Then comes a song of salvation, the city of the Lord. This is a song and prayer for redemption. This new community of God’s people is likened to the citizens of a city, securely held together by the Lord. They are righteous, faithful, peaceful, and trusting. The city…Zion, is the eternal city of God. The Lord is present to protect and bless His people. The walls of God’s salvation protectively enclose His people. No one can hurt them again. This is a place of peace, harmony, quietness, and confidence. The proud and arrogant are humbled. Justice finally occurs when the poor and needy walk over the ruins of the proud cities where the proud have perished. The godly pray for the end of oppression and the full establishment of God’s kingdom. They persevere as they await for their final vindication and the resurrection of the body. Everything will happen in God’s time. Still, people show their commitment to the Lord by obeying His laws and statutes. God has been kind to the wicked in the hopes that they will repent but there will be a day when time runs out, and then judgement will fall. Isaiah tells us that the wicked ignore the works of the Lord. A king lifted his hand up as a symbol of his power. Verse 15 is a confident expression of thanks for God’s blessings. Here Isaiah is speaking of Hezekiah’s reign when Judah was prosperous and God’s people gave Him glory for what He did. But we also see that the Lord did discipline His people and they cried out to Him. They knew pain when Sennacherib attacked and they gave thanks when the Lord struck down the Assyrian army.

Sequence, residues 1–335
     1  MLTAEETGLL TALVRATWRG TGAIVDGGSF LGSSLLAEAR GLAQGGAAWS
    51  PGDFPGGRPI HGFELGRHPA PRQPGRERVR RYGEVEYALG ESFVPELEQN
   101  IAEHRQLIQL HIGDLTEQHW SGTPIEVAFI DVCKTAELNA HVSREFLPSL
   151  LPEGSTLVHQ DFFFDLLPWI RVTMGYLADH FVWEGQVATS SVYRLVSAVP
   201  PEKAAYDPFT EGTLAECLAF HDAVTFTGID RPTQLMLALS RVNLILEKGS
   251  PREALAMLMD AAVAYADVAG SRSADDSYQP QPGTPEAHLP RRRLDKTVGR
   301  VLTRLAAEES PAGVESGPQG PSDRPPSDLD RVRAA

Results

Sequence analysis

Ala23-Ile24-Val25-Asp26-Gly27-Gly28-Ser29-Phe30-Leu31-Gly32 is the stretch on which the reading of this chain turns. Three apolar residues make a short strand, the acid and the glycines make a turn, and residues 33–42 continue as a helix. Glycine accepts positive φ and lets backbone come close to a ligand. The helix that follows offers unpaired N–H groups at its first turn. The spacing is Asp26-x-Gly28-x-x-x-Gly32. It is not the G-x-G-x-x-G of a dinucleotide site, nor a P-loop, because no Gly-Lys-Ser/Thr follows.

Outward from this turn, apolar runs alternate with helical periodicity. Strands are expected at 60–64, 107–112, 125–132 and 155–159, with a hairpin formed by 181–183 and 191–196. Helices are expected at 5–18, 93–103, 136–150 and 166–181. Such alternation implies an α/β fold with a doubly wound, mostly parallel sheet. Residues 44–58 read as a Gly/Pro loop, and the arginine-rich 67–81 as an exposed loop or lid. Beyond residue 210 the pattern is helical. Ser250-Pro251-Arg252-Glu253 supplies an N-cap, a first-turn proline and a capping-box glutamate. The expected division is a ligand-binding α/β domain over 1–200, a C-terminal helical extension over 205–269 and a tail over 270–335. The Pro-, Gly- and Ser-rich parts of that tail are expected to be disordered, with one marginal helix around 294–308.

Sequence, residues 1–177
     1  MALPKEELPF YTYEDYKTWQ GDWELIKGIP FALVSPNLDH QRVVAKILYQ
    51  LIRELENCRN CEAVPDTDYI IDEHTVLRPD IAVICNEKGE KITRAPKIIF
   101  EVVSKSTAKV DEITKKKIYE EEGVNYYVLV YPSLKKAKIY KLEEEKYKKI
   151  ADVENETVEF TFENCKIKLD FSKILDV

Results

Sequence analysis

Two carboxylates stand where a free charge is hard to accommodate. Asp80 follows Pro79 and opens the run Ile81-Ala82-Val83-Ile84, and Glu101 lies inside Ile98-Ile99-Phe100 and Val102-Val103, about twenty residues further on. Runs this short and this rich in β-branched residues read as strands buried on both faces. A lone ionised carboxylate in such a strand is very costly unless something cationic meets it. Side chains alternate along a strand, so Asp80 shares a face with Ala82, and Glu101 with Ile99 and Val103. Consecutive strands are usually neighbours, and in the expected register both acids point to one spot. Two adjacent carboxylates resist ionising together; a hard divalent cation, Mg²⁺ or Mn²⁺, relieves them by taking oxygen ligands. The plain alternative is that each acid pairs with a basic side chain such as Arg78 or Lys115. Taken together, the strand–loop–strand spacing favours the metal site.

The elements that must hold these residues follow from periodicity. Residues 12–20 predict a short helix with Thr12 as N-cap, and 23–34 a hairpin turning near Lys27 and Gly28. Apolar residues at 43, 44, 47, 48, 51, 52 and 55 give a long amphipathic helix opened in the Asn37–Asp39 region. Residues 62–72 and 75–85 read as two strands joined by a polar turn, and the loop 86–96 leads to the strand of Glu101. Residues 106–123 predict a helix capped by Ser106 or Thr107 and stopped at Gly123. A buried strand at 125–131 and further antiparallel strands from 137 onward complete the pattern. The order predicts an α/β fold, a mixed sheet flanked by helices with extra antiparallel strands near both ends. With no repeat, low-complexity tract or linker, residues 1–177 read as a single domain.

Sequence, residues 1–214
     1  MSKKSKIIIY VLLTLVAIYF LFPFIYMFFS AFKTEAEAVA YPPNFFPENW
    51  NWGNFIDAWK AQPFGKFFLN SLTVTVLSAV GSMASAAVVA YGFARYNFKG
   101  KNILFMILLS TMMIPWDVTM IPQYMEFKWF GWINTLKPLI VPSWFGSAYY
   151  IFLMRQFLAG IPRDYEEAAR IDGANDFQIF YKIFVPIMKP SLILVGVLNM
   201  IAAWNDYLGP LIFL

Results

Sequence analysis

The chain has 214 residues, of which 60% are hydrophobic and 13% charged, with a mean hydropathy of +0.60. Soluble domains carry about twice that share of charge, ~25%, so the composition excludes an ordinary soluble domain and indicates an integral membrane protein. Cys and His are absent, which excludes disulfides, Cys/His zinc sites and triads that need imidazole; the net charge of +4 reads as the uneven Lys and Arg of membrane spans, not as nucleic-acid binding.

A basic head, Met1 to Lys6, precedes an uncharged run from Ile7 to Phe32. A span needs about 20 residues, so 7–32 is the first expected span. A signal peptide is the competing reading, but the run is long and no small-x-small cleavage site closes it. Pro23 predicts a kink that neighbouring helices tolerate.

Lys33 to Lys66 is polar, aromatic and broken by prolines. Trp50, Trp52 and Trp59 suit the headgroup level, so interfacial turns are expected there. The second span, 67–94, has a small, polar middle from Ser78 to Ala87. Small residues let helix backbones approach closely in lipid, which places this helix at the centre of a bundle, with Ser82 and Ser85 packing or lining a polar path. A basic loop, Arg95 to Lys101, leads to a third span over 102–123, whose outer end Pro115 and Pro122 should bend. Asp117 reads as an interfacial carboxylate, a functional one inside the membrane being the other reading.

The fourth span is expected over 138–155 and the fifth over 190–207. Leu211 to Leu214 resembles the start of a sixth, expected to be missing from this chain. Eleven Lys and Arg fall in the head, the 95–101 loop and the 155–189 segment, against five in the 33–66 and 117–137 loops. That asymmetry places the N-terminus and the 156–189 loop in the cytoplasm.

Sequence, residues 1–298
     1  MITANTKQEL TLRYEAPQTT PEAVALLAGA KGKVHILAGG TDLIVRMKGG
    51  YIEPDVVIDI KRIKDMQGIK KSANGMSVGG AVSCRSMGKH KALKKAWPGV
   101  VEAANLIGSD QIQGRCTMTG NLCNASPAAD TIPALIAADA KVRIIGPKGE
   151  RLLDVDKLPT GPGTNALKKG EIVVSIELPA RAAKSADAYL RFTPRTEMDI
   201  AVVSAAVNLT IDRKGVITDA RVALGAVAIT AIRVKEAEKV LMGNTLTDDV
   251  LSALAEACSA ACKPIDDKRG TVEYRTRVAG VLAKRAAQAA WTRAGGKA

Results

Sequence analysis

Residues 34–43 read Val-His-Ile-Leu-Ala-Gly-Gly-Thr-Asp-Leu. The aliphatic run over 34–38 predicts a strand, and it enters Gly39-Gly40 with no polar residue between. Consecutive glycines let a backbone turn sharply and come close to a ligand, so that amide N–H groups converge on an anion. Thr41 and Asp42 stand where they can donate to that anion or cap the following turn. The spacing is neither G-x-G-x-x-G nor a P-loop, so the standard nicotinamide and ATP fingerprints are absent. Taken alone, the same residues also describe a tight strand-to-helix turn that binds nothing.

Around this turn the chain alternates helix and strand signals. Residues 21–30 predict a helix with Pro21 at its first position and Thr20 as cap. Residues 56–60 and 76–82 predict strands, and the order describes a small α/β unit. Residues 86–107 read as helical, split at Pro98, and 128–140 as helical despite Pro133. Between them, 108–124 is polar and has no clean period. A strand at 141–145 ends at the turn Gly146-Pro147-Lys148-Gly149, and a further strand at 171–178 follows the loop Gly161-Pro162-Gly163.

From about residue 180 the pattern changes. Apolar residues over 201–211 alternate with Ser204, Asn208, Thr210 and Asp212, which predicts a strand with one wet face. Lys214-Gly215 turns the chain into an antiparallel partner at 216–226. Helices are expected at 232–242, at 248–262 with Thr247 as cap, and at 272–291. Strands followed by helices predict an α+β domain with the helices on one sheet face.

Vineyards in scripture were often a reference to God chosen people, the Jews. Israel adopted the imagery of leviathan to refer to evil powers that oppose God. Leviathan’s death symbolizes the end of evil, the evil one, the demonic, and the dominion of forces hostile to God. The identification of leviathan is somewhat disputed, ranging from an earthly creature to a mythical sea monster in ancient literature. The fruitful vineyard represents God’s people and God identifies Himself as the Lord of the covenant to assure His people that what He says and does is reliable. And we see, the Lord will provide even greater care and protection for His ultimate vineyard than He did for Israel, His first vineyard. God wants and expects all of His people to turn to Him and to trust Him for help. His offer of reconciliation is stated, “Let them make peace with me.” Isaiah reminded the people of the reasons for the exile and judgement: Israel’s sinfulness, God’s righteous judgement, and the absence of divine compassion. Even though Israel was God’s chosen people they would still be punished for their misbehaving. But, God’s withholding of mercy from Israel will be temporary. His remnant will return from Assyria and Egypt to the territory God promised Abraham. It is clear that when God tells His people to follow His laws and statutes, He means it. We have salvation in Jesus Christ but that does not give us license to behave as we wish either.
In His Grip
Pastor Matt W